Many of these people have been recognised as refugees. We owe them protection and safety now.

Meanwhile, politicians are spending years engaged in lengthy negotiations as to the fate of these men, women and children. With the US resettlement deal in serious doubt, the most obvious and humane solution is to clear the camps and bring these people to Australia until a safe long term, appropriate outcome for them can be guaranteed.

We do not have years. Australia cannot allow another person to die or suffer because of our actions.

This is a crisis. We are calling on both major parties to form a bipartisan commitment to immediately evacuate the camps and bring these people to safety.


The Refugee Council of Australia
Academics for Refugees
ActionAid Australia
Amnesty International Australia
APS Refugee Issues and Psychology Interest Group
Asylum Circle
Asylum Seeker Advocacy Group
Asylum Seeker Resource Centre
Australian Churches Refugee Taskforce
Australian Council of Social Service
Australian Council of Trade Unions
Australian Jewish Democratic Society (AJDS)
Australian Lawyers for Human Rights
Australian Nursing and Midwifery Federation
Australian Women in Support of Women on Nauru
Blue Mountains Refugee Support Group
Brigidine Asylum Seekers Project
Campaign for Australian Aid – Up To Us
Catholic Alliance for People Seeking Asylum
Centre for Asylum Seekers, Refugees and Detainees
Children Out of Immigration Detention (ChilOut)
Doctors for Refugees
Free the Children Nauru
Human Rights for All Pty Ltd
Human Rights Law Centre
Human Rights Watch
Hunter Asylum Seeker Advocacy
Independent Education Union of Australia
International Alliance Against Mandatory Detention
Jubilee Australia
Labor for Refugees
Liberty Victoria
Love Makes A Way
Melbourne Catholic Migrant & Refugee Office
Mums 4 Refugees
New South Wales Council for Civil Liberties
Oxfam Australia
Pax Christi Queensland
People Just Like Us
Plan International Australia
Queensland Council of Unions
Queensland Nurses’ Union
Queensland Teachers’ Union
Refugee Action Coalition
Refugee Action Network Newcastle
Refugee Advice & Casework Service
Refugee Advocacy Network
RESULTS International Australia
Rural Australians for Refugees
Save the Children Australia
St Vincent de Paul Society National Council
St.Macartan’s Social Justice Group Mornington
Supporting Asylum Seekers Sydney
Tasmanian Asylum Seeker Support
Teachers For Refugees
Textile Clothing and Footwear Union of Australia
The Australia Institute
The Bayside Refugee Advocacy and Support Association
The Catholic Justice Justice & Peace Commission of the Archdiocese of Brisbane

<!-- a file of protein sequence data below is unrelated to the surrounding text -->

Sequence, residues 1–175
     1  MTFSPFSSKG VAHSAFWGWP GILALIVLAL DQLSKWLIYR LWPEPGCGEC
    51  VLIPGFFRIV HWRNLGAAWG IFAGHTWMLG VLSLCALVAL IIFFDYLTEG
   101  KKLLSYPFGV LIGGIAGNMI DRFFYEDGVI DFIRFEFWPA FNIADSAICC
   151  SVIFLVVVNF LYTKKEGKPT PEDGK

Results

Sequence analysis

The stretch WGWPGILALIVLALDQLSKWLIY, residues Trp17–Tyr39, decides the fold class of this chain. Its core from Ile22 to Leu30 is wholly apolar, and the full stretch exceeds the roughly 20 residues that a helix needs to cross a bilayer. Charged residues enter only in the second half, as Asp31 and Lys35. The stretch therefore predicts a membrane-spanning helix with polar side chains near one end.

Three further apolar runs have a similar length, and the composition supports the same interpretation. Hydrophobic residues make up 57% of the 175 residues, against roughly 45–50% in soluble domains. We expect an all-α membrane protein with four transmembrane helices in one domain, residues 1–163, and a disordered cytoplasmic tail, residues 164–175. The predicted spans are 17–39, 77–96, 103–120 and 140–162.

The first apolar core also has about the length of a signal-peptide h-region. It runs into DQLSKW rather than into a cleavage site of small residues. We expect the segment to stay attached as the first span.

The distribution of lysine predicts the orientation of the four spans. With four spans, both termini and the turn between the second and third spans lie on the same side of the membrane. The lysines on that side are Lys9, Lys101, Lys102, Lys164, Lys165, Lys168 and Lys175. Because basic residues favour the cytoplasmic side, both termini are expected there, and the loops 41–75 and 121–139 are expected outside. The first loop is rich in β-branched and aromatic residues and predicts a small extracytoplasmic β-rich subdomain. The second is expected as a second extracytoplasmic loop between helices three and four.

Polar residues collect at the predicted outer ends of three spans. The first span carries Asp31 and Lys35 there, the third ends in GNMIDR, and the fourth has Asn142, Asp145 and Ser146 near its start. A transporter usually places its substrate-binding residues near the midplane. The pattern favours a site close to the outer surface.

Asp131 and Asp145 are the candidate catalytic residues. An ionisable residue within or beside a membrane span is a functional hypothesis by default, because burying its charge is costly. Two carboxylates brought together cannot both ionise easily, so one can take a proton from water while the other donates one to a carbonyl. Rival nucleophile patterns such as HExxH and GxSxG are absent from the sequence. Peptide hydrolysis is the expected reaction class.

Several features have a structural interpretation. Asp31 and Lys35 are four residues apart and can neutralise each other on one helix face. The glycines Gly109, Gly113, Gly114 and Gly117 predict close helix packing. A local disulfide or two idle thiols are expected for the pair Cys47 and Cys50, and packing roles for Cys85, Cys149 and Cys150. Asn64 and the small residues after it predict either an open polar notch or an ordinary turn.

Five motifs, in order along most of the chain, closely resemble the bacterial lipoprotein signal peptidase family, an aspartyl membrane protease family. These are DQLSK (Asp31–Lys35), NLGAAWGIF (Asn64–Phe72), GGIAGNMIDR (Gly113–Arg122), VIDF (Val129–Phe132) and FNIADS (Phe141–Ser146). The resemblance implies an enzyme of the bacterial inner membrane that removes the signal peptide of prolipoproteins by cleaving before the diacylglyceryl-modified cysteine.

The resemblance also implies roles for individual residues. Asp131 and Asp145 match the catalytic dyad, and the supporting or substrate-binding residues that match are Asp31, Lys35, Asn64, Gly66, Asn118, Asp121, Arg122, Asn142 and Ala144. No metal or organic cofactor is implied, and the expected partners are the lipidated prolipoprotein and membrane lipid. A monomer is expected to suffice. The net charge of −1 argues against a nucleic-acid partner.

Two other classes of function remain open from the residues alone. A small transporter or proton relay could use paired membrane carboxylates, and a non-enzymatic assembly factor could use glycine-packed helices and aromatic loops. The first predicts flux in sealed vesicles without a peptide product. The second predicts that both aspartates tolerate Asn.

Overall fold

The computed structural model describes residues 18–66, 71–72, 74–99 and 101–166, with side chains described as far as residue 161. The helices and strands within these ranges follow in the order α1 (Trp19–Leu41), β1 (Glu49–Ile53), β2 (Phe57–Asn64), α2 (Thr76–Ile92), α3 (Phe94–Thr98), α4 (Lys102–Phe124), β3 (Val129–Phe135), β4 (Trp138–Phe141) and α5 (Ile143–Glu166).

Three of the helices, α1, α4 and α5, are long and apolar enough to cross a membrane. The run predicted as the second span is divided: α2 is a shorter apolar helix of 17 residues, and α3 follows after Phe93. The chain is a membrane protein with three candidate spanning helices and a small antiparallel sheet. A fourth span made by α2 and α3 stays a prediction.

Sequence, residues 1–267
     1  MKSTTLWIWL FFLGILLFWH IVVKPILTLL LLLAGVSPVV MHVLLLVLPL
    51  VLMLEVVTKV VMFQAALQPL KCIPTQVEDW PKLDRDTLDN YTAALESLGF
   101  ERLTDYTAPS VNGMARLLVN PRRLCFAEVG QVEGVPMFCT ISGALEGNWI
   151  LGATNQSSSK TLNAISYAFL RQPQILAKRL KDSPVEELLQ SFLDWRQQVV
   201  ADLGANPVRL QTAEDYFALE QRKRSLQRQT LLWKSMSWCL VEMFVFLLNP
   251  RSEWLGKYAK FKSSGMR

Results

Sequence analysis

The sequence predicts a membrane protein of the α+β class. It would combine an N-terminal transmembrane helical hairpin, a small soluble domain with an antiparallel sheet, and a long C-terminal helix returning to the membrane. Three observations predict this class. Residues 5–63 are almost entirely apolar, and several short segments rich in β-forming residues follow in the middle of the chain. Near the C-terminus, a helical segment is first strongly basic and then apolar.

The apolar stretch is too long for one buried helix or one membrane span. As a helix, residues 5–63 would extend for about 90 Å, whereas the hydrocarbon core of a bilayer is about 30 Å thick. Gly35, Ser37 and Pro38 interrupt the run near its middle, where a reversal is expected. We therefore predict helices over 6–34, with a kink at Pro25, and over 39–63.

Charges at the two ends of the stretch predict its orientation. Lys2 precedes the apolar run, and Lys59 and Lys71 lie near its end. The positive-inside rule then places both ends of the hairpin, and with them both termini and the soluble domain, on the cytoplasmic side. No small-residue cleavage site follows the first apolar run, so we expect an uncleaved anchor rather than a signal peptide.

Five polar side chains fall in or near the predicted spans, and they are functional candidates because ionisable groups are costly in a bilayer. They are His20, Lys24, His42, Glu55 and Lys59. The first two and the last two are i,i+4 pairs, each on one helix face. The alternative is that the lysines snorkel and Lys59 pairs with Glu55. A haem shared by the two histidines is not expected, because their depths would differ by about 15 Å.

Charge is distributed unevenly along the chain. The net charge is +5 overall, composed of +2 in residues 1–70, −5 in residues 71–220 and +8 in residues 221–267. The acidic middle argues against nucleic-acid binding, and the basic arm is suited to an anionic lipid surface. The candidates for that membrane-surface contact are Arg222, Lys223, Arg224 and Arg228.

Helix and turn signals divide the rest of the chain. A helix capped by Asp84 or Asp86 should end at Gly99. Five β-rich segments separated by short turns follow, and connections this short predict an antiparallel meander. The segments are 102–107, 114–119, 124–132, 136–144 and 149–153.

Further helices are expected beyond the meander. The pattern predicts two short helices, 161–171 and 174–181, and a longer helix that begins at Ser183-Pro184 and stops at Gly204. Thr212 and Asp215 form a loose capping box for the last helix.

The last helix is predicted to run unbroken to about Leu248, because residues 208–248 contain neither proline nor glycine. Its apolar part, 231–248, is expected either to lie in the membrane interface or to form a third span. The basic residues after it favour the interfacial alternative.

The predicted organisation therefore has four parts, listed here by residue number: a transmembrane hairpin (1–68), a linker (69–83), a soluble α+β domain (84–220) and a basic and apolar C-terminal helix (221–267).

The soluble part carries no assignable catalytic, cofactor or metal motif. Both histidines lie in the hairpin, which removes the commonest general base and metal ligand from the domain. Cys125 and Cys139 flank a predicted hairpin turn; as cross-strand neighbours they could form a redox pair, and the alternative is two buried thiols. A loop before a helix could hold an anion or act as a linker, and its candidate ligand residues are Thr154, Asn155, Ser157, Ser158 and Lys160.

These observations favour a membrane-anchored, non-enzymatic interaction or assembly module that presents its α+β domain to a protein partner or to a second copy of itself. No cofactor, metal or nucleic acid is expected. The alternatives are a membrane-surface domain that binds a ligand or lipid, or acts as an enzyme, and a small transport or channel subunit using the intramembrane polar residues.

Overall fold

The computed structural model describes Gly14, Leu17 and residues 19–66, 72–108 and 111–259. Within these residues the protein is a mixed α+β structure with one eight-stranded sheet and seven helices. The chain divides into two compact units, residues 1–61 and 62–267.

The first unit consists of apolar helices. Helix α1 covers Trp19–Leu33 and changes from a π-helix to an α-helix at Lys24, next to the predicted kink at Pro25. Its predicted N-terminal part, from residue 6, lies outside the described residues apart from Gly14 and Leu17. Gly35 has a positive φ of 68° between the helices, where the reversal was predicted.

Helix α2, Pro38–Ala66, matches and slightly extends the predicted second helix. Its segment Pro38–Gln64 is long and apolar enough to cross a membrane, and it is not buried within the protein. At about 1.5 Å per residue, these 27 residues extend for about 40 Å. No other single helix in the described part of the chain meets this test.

The National Justice Project
Together Branch of the ASU
Union Aid Abroad-APHEDA
Uniting Church in Australia
Uniting Church in South Australia
Victorian Council of Churches
Welcome to Australia
World Vision Australia

US will take up to 1,250 refugees under Aust deal

White House says US will take up to 1,250 refugees under Australian deal

Ben Doherty – The Guardian – 1 Feb 2017

Trump’s spokesman Sean Spicer says Obama-era plan to take refugees from Australia’s offshore detention centres is still in place, but with ‘extreme vetting

Image result for Trump’s spokesman Sean Spicer

The US government has publicly said it will resettle up to 1,250 refugees from Australia’s offshore detention islands of Manus and Nauru, but stressed they will all undergo “extreme vetting” before being accepted.

Sean Spicer, White House spokesman for the new president, Donald Trump, confirmed the deal – brokered by Trump’s predecessor Barack Obama – would be honoured, and for the first time, confirmed the number that could be accepted under the plan.

“The deal specifically deals with 1,250 people, they’re mostly in Papua New Guinea, being held,” Spicer told a White House briefing. “Those people, part of the deal, is that they have to be vetted in the manner that we’re doing now.

Read the full article here

Ian Rintoul from the Refugee Action Coalition said the US resettlement deal was a “bandaid solution” for Australia’s offshore processing problem.

“On the one hand we now have some detail on the deal that the Australian government has refused to release. But it is only 1,250 people, far short of what’s going to be needed to resettle the people on Nauru and Manus. This has raised as many questions as it’s answered.

“There will be many, many people left behind by the US resettlement deal, the ball is squarely in the Australian government’s court.”

Read the full article here